The American Academy of Arts and Sciences (AAAS) recently released its report in defense of the humanities, “The Heart of the Matter: The Humanities and Social Sciences for a Vibrant, Competitive, and Secure Nation” (2013). The full report is available at the AAAS’s website and provides us with strong motivation to continue to push for what Spanish and Portuguese educators hold dear: it is no secret to us that language learning, international experience, and cross-cultural studies are the gateway to enhanced literacy, leadership development, increased innovation, research, and discovery across borders and in our local communities. Our profession truly is engaged in building twenty-first-century skills through promoting languages and cultures and through guiding students to activate critical thinking in all they do (at all levels).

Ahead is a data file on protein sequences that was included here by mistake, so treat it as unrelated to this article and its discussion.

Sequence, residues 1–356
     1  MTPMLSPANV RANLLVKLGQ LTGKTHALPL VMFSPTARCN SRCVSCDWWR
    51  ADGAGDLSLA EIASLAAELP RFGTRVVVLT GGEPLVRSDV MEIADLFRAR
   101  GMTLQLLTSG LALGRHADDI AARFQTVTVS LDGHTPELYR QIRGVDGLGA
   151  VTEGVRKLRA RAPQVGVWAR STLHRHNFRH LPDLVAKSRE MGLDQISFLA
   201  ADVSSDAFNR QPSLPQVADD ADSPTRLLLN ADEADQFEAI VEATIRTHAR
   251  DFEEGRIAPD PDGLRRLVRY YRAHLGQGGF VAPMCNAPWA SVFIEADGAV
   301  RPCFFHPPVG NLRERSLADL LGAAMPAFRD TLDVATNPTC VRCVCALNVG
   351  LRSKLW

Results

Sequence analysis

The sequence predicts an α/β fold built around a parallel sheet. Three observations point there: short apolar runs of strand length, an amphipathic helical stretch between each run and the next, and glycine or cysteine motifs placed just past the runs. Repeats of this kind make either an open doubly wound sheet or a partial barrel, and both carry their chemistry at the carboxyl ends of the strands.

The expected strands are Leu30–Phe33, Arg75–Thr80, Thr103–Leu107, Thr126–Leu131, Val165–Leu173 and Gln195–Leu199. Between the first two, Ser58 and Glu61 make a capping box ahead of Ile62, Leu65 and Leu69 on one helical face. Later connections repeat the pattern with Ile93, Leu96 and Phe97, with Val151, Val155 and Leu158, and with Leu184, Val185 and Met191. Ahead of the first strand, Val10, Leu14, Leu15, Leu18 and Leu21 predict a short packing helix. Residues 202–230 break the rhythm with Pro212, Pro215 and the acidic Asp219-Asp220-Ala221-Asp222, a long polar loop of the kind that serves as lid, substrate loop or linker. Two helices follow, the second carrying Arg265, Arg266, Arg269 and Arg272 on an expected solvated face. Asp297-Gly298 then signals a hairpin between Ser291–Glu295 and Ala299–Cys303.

I cannot think of a more innovative research area than what I will dub “Spanglish Studies.” Besides considering research on Spanglish as a product, the collective wisdom in this field has wide-reaching societal repercussions and applications. In this issue of Hispania, I am pleased to call attention to the AATSP’s on-going presence at the Modern Language Association (MLA). You will find contributions from the MLA panel (Boston 2013) on Spanglish in this issue in a special section. Organized and hosted by Domnita Dumitrescu, Hispania’s Book/Media Review Editor and notable Spanglish Studies specialist, the lively session titled “‘Spanglish’ and Identity within and outside of the Classroom” included panelists Regan Postma, Ana Sánchez-Muñoz, and Robert Train, who have summarized and penned their remarks from the AATSP-sponsored panel here in this current issue. Their essays form part of Hispania’s continuing attention to this controversial topic by a wide variety of scholars. You will read studies with observations that are pedagogical, historical, cultural, linguistic, demographic, literary, and more. Also not to be missed in this issue are two full-length articles on Spanglish—one appears in the literature section (see Alvarez) and the other in linguistics (see Dumitrescu). Indeed, Spanglish is a highly interdisciplinary topic of timely interest that considers languages in contact, issues of identity, societal relations, and much more. I invite you to read the vibrant and diverse articles in this issue in general and about Spanglish from a variety of perspectives. [End Page 435]